When Tanika Davis’ son was diagnosed with autism at just two years old, Worimi’s mother faced the stigma surrounding developmental disabilities, but was also surprised by Slade’s lack of consideration for Indigenous culture.
- Tanika Davis realized that medical professionals lacked the necessary knowledge to properly treat and support Indigenous families
- She says there is a lack of ‘culturally safe’ resources for Indigenous children
- She started The I Am movement, which provides culturally sensitive educational resources, including flashcards featuring Indigenous artwork.
“It was a bit of a shock,” Davis said.
Her young family attended countless health checks and consultations, but medical professionals realized they lacked the necessary knowledge to properly treat and support Indigenous families.
“We thought we would have everything at our fingertips as a family, but unfortunately that was not the case,” she said.
Davis said professionals such as speech pathologists and occupational therapists should be made aware of culturally appropriate resources such as Aboriginal books and activities.
“Too often, as an Aboriginal family, we have needed to educate allied health services and professionals about cultural safety and our son’s world,” she said.
Davis and her husband, Adrian, decided to gather information and reach out to other Indigenous families dealing with autism.
“I did some digging and searching on the internet and reached out to other families in our situation about what they found,” she said.
“Often, they couldn’t find one that was culturally safe.”
At that time, Davis decided to start The I Am, Movement.
The organization provides culturally sensitive educational resources, including flashcards featuring Indigenous artwork.
“As parents, we build this strengths-based approach. In this disability area, we see so many deficit models of what we can’t do and why we can’t do it,” she said. Told.
“For us, it’s flipping a coin and saying, ‘Our son can do this.'”
Necessity of “safe space”
Along the way, the Davis family noted the growing need for inclusive facilities for people with disabilities at larger community events that children with autism can have difficulty coping with. I started noticing that.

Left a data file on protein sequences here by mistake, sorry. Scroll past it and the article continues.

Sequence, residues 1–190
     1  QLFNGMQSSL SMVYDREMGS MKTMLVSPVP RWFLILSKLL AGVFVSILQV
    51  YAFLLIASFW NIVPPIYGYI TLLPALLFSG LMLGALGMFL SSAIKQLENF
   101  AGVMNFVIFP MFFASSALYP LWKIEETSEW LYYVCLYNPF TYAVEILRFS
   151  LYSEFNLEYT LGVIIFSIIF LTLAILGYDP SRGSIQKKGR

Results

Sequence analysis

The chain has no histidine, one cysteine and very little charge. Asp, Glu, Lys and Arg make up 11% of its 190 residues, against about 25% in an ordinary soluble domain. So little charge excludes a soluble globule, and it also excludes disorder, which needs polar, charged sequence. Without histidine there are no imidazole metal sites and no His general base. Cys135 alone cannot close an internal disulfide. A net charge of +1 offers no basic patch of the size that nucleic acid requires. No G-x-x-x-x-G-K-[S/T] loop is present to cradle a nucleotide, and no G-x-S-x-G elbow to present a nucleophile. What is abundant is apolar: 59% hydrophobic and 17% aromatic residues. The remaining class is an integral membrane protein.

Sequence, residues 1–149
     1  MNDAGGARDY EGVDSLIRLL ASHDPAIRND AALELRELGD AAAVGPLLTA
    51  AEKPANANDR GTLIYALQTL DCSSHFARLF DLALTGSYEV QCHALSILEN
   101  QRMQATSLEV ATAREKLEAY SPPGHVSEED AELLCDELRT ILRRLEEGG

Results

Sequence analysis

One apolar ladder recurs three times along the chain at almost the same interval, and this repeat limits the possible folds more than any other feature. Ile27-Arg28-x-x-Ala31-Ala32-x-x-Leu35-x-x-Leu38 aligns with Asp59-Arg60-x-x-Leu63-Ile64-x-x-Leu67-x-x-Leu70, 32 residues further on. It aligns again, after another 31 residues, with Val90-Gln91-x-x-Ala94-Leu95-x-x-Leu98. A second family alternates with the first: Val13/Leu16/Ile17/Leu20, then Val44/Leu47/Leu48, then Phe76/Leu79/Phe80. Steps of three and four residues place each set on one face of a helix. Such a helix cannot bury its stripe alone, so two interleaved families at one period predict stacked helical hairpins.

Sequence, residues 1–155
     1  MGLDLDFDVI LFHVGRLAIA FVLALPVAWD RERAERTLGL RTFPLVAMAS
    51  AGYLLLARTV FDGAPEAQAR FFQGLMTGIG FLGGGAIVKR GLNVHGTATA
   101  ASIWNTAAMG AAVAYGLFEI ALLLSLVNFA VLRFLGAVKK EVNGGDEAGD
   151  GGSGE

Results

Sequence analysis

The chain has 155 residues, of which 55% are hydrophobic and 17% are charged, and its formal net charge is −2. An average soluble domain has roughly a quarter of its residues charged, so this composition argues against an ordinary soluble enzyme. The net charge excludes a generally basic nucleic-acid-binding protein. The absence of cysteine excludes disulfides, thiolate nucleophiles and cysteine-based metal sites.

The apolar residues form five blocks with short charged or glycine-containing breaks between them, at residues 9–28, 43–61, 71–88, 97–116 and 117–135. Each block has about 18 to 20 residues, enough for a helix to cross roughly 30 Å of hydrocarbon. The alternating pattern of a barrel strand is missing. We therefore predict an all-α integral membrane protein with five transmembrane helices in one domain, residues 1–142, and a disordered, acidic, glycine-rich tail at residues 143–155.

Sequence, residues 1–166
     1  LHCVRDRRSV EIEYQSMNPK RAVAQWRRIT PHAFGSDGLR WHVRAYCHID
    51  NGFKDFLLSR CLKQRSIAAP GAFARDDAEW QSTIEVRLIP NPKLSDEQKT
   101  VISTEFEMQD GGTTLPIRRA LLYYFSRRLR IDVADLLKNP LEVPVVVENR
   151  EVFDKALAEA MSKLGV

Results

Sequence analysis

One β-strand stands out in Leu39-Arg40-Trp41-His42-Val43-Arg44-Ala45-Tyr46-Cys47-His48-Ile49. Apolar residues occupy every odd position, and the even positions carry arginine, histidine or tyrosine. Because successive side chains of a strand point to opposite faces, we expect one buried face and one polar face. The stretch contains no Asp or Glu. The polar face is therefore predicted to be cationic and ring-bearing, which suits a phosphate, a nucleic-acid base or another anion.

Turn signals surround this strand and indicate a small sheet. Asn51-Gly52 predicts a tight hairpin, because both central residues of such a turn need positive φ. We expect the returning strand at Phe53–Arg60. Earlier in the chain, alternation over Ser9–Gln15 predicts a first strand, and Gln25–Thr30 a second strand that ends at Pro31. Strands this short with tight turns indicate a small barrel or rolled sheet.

“The concept of disability in our community is an understated one,” she said.
To meet this growing need, Davis decided to launch his latest project, The I Am, Space, at one of the biggest events on the Indigenous calendar, the Koori Knockout (also known as the NSW Aboriginal Rugby League Knockout). Did. Audiences from all over the state.
“[The I Am, Space] It’s a place that provides a culturally safe and inclusive environment for sensory stimulation and relaxation, and where children and people with other disabilities can be brought,” Davis said.
Davis said it will be a curated space for the needs of those who use it and will include qualified support workers.
“Everything we do in that space is Aboriginal and Torres Strait Islander. We’ve also supported Aboriginal businesses through the process of purchasing items,” she said.
Davis partnered with The Disability Trust to bring the multi-sensory space to the upcoming tournament at the end of September.
“For many people, they don’t attend these big events because they are so busy, energetic and overwhelmed,” said Edward Bart, chief operating officer of the Disability Trust.
“Everything that makes them so much fun can also be quite a barrier for some.”
Burt said the nonprofit disability service provider is excited to partner with The I Am, Space.
“It means that families with children with sensory needs who might not otherwise have been able to join, join and just join,” he said. rice field.
Davis said he wants to expand the service to include NAIDOC events.
“Our opportunities at this point are endless and I hope that we can expand from Koori Knockout and have a long-term perspective.
Families are “forever learning”
Davis said son Slade remained limited in verbal communication, but the family was constantly discovering new things about his personality.
“We’re learning the quirky things he really loves and the other things he doesn’t really like,” Davis said.
“You are forever learning. Every day is a new leap,” she said.